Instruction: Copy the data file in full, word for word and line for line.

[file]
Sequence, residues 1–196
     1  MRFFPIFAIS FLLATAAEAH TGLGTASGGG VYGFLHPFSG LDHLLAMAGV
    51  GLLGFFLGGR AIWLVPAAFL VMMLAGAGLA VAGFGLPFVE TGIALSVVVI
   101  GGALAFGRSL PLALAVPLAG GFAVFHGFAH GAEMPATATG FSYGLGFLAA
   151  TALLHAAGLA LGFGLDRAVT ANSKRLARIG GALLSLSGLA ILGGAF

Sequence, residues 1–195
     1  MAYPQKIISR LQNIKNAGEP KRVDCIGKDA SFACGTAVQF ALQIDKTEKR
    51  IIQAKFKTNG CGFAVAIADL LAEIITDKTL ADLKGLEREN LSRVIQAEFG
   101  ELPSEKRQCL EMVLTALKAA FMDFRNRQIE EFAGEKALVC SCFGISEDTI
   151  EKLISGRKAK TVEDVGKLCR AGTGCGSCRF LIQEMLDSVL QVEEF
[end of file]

Sequence, residues 1–196
     1  MRFFPIFAIS FLLATAAEAH TGLGTASGGG VYGFLHPFSG LDHLLAMAGV
    51  GLLGFFLGGR AIWLVPAAFL VMMLAGAGLA VAGFGLPFVE TGIALSVVVI
   101  GGALAFGRSL PLALAVPLAG GFAVFHGFAH GAEMPATATG FSYGLGFLAA
   151  TALLHAAGLA LGFGLDRAVT ANSKRLARIG GALLSLSGLA ILGGAF

Sequence, residues 1–195
     1  MAYPQKIISR LQNIKNAGEP KRVDCIGKDA SFACGTAVQF ALQIDKTEKR
    51  IIQAKFKTNG CGFAVAIADL LAEIITDKTL ADLKGLEREN LSRVIQAEFG
   101  ELPSEKRQCL EMVLTALKAA FMDFRNRQIE EFAGEKALVC SCFGISEDTI
   151  EKLISGRKAK TVEDVGKLCR AGTGCGSCRF LIQEMLDSVL QVEEF